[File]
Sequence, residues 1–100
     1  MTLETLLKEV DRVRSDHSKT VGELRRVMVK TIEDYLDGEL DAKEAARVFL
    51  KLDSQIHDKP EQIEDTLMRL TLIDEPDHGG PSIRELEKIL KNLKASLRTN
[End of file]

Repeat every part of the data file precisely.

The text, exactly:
Sequence, residues 1–100
     1  MTLETLLKEV DRVRSDHSKT VGELRRVMVK TIEDYLDGEL DAKEAARVFL
    51  KLDSQIHDKP EQIEDTLMRL TLIDEPDHGG PSIRELEKIL KNLKASLRTN